The top 10 best college towns for real estate investors

August 11, 2011
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boston skyline aerial The top 10 best college towns for real estate investors

Aerial view of downtown Boston and the harbor, photo by Kevin Tostado.

Investing across America

Recently, AGBeat columnist Jeff Brown extolled the virtues of investing in Texas and CondoDomain.com President Hoyt Morgan named Washington D.C. as the top city for investing.

There are many reasons a city can be seen as a quality location for investment, and today in the spirit of school starting, we look to Move.com‘s list of Top 10 Best Back to School Real Estate Investment Cities, giving Boston the top spot.

“Pahk the cah in Hahvad Yahd”

top 10 cities The top 10 best college towns for real estate investors



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So why did Boston take the cake? According to Move:

With a median list price of $335,000 in June 2011, the Boston/Cambridge market has one of the higher median list prices of the bunch, but also has high renter demand from students at over 50 colleges including Harvard and MIT, ranked two and four. The median list price in Boston has dropped by 2.62% since last June. Average rental rates in Boston in June 2011 ranged from $3,122 for a two bedroom to $3,913 for a three or more bedroom unit, both higher than a mortgage payment of around $1,370 for a median-priced home with a 20% down payment and current mortgage rates for a 30-year fixed loan. Boston was also named one of the top 10 turnaround towns by CNN Money in May 2011.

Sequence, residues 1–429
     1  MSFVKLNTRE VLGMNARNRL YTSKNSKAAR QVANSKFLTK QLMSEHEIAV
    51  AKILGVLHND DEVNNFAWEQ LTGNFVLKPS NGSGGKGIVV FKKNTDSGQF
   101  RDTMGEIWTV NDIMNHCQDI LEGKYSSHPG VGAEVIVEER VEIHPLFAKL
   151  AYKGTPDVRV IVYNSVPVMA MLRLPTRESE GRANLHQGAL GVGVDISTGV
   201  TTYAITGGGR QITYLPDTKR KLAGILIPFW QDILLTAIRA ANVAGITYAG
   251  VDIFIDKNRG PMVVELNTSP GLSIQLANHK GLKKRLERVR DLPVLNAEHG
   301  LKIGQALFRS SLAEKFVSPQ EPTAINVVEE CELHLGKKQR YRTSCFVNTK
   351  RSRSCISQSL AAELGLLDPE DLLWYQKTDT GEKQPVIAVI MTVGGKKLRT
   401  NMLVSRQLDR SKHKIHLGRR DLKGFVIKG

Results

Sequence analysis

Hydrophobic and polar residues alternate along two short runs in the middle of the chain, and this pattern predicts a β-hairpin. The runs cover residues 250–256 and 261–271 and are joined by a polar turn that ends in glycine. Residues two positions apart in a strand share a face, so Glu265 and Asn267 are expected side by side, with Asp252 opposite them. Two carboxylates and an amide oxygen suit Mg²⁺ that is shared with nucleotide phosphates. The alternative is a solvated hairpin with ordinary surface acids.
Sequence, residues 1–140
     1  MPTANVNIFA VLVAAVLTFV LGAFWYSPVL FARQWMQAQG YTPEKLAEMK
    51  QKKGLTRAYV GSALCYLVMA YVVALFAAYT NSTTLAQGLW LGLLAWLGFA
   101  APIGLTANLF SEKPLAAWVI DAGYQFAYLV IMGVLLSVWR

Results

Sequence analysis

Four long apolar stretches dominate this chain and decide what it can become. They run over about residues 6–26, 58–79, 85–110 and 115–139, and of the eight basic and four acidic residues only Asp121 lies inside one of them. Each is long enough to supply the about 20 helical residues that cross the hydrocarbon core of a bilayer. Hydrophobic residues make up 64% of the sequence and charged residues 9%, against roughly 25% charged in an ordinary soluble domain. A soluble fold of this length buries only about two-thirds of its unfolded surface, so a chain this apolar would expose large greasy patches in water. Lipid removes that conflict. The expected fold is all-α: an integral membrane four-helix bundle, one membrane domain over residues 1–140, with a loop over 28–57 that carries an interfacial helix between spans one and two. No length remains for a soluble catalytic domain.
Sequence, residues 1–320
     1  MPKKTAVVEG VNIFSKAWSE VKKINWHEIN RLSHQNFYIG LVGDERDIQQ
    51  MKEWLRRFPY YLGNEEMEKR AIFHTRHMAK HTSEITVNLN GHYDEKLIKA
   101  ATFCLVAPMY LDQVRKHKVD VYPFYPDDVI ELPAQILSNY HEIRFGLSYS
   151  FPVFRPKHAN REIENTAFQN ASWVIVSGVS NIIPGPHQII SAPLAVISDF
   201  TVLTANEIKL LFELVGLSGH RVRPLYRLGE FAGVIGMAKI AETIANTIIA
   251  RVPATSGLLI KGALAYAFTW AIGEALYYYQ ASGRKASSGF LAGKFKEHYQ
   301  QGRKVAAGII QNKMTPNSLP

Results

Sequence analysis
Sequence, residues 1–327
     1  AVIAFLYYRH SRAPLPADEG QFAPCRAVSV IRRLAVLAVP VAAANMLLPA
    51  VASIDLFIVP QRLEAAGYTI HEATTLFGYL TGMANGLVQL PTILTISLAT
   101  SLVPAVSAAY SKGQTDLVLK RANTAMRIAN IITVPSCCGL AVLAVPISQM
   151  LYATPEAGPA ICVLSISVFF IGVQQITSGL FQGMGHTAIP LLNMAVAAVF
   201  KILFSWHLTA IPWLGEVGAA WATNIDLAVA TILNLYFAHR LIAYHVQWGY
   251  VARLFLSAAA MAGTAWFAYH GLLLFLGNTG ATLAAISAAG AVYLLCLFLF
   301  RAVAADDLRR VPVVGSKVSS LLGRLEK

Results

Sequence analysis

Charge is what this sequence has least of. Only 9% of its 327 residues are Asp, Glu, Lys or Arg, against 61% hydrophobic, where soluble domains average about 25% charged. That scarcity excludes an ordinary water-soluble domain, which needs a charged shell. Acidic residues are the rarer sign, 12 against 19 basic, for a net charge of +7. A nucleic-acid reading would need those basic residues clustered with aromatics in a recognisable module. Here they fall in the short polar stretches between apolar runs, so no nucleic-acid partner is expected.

“In Cambridge and some of the Boston Proper neighborhoods we have been seeing rents rising with demand and projections of further increases of up to 25%,” said Boston-area broker owner Paul Turcotte.

Investors will soon outnumber traditional buyers

According to the recent Move, Inc. investor survey, “In the next two years, real estate investors are expected to outnumber traditional homebuyers in their local markets by three to one, and 56.5 percent plan to put their investments to work as rental properties.”

“Local markets with universities or colleges can be an attractive option for many local real estate investors,” said Move, Inc., Chief Executive Officer, Steve Berkowitz. “Housing demand in college towns is generally high and vacancy rates are usually low. Combine the supply and demand ratio with rising admissions and the five percent rise in rental rates expected by the end of the year, and rental property in college towns can be a smart option for the right investor.”

Tara Steele is the News Director at AgentGenius, covering real estate news, technology news and everything in between. If you'd like to reach Tara with a question, comment, press release or hot news tip, she frequently checks her email, simply click the link below.



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